The University Record, March 25, 1998
By Peggy Britt
Michigan Sea Grant
Only recently have researchers realized that ballast water (water stored in the hulls of ocean-going ships) is the primary transport for harmful invaders that are settling in the Great Lakes. Ships release and take up this water as they travel from port to port, spreading organisms to new habitats where they can become unwanted residents.
Researchers from Michigan Sea Grant and the University are trying to combat these invaders by developing methods to prevent the release of such exotic organisms into the Great Lakes. Preliminary findings indicate that dispensing a small amount of an environmentally benign chemical, glutaraldehyde, into ballast water may help eliminate these invading species.
A $300,000 grant from the Great Lakes Fishery Trust will enable the researchers to field test the effectiveness and costs of this new treatment approach.
"This is an extremely important investigation into this overlooked option for preventing the introduction of exotic species into the Great Lakes," says Russell Moll, Michigan Sea Grant director and principal investigator.
"We are hopeful that the results of this study will provide resource managers with a safe and effective new tool for stopping the spread of unwanted aquatic organisms," says Moll, who is also an associate research scientist at the Center for Great Lakes and Aquatic Sciences and at the School of Natural Resources and Environment.
One reason researchers are excited about the potential use of glutaraldehyde is that only small amounts are necessary for it to be effective and it degrades quickly into nontoxic naturally-occurring compounds, such as carbon dioxide.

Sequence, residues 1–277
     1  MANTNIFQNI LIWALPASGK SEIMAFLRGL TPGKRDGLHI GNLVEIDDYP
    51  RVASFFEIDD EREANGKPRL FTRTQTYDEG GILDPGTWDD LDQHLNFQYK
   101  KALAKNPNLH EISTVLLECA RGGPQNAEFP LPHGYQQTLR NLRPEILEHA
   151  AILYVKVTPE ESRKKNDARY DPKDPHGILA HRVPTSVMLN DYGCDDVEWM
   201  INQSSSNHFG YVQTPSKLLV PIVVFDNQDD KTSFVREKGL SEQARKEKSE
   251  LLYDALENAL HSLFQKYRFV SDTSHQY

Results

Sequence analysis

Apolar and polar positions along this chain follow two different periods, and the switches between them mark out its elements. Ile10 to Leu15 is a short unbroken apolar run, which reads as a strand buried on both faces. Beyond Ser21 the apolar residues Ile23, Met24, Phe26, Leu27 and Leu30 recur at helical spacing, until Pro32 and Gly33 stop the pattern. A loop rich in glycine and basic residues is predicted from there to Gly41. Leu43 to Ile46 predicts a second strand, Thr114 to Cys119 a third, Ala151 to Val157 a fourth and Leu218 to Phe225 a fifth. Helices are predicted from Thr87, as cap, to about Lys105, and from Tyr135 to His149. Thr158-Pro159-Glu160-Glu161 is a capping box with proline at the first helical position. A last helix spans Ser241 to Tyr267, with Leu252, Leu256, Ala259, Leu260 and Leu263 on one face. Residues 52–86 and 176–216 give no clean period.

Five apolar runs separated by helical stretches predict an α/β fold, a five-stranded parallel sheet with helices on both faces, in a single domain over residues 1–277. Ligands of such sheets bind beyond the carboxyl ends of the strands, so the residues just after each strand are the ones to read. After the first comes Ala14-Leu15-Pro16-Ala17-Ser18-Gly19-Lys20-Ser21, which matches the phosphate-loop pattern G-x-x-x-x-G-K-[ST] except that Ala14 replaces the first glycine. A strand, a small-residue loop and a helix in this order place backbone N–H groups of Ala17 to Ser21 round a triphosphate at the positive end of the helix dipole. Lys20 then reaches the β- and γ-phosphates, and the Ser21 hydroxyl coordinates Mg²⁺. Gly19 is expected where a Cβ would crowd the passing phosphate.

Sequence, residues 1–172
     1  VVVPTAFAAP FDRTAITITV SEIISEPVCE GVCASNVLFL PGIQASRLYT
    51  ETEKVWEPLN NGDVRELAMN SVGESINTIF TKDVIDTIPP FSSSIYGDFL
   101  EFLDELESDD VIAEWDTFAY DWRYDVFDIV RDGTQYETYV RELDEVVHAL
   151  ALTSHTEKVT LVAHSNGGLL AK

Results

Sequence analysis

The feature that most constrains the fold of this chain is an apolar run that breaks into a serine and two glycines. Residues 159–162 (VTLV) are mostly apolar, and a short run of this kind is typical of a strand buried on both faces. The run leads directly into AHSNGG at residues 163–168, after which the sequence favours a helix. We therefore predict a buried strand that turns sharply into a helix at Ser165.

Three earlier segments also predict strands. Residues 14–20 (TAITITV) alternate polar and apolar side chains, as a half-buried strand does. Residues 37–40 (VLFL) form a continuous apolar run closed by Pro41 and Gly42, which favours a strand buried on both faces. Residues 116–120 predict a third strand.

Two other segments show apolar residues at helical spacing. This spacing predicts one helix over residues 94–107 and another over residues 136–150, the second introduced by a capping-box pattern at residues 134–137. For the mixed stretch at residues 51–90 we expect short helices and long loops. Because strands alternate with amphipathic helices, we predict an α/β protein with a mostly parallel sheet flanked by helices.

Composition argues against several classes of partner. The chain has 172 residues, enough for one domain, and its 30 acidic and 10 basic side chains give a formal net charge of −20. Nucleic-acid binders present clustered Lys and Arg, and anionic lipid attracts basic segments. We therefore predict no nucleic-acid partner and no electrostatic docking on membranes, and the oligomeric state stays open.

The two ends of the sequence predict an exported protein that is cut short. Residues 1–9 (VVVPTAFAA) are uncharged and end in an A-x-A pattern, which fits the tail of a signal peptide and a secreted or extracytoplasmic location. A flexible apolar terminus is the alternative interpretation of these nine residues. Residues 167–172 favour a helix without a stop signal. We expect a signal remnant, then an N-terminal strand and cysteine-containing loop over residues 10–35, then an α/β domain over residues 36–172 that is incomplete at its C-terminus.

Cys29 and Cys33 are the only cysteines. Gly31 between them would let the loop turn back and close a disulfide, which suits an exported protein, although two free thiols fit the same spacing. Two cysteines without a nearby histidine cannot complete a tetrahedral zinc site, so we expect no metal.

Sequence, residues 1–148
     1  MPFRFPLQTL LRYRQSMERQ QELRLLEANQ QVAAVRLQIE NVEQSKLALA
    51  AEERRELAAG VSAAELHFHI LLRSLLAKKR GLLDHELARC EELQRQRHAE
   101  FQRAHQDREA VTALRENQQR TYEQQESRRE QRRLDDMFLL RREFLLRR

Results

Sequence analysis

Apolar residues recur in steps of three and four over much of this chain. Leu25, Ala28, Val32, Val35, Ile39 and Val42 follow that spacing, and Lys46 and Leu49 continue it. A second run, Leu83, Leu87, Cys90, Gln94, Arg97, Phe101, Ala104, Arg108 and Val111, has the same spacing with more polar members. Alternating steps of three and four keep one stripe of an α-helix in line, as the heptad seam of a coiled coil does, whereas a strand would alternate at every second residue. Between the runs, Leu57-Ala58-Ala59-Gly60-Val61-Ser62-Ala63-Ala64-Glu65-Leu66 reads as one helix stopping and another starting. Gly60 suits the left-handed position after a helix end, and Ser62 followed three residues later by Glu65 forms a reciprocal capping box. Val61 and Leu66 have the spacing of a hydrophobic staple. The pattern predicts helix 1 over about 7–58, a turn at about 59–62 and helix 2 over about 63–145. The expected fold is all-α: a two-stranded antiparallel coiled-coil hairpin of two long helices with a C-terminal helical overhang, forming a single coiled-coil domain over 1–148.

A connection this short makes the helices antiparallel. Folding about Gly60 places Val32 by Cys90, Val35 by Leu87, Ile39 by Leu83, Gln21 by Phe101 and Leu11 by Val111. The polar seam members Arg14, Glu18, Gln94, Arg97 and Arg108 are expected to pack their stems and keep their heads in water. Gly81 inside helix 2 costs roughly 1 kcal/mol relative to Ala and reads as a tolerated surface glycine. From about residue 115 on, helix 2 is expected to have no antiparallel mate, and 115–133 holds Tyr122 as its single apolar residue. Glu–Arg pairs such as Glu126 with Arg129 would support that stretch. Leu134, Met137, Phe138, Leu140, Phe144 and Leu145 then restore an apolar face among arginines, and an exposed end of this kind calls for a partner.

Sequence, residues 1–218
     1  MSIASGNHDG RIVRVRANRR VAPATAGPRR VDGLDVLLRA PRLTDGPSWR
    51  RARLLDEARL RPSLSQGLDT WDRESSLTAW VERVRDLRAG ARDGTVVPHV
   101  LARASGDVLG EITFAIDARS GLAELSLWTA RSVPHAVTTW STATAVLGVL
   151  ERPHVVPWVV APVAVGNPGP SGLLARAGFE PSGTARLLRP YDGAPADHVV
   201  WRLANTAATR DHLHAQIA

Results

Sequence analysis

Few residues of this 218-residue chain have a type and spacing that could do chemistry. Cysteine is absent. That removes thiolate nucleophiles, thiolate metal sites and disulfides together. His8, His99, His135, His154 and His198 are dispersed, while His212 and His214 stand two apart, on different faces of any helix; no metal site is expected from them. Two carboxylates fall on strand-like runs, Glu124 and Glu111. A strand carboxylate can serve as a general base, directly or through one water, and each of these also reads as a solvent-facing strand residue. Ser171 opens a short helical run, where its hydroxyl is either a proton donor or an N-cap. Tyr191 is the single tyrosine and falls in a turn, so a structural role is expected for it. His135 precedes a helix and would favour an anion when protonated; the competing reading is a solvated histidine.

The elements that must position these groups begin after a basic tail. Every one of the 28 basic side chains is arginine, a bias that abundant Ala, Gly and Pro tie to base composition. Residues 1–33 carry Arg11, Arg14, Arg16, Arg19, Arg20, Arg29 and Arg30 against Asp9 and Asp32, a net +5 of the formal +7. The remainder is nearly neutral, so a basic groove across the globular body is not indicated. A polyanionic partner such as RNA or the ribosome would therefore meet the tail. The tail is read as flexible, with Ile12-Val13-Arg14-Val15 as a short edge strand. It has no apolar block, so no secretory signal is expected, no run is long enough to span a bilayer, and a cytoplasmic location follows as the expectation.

The researchers expect the results of their study to provide resource managers with an important tool for stopping the spread of unwanted aquatic organisms. Their efforts will assist global efforts to stem the tide of exotic species introductions through ballast water.
Moll says a continuous stream of exotic species has invaded the Great Lakes over the past 200 years. Several species have posed a serious threat to native fish aquatic populations and have had a significant economic impact. Sea lampreys caused a tremendous decrease in fish populations, especially lake trout, after they entered the Great Lakes in the 1930s and the 1940s, Moll notes. Zebra mussels have created a major economic impact as well. Expenditures by power plants and industrial facilities to control zebra mussel infestations average well over $10 million a year, he says.
Michigan Sea Grant is a joint program of the U-M and Michigan State University. It is part of a national network of 29 university-based programs of research, outreach and education dedicated to the protection and sustainable use of the United States' coastal and Great Lakes resources.